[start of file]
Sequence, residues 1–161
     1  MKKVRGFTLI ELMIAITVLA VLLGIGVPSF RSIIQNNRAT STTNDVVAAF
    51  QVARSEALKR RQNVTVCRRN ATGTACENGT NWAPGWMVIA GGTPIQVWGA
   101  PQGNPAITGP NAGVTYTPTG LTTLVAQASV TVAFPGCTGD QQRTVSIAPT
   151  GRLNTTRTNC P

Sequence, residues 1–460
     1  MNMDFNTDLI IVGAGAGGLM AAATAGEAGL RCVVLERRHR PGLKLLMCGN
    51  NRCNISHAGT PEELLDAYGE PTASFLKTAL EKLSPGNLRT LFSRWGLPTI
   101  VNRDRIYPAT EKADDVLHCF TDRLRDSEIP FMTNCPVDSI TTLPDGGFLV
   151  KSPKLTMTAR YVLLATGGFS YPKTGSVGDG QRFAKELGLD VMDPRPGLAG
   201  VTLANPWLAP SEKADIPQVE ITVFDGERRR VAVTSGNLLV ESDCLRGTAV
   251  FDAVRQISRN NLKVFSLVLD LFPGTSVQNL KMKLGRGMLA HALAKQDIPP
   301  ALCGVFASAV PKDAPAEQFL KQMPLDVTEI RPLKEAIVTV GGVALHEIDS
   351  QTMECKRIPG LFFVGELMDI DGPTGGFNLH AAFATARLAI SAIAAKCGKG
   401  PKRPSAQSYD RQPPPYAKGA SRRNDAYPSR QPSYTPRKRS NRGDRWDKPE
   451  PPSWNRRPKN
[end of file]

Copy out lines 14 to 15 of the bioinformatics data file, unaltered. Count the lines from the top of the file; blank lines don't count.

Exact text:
   351  QTMECKRIPG LFFVGELMDI DGPTGGFNLH AAFATARLAI SAIAAKCGKG
   401  PKRPSAQSYD RQPPPYAKGA SRRNDAYPSR QPSYTPRKRS NRGDRWDKPE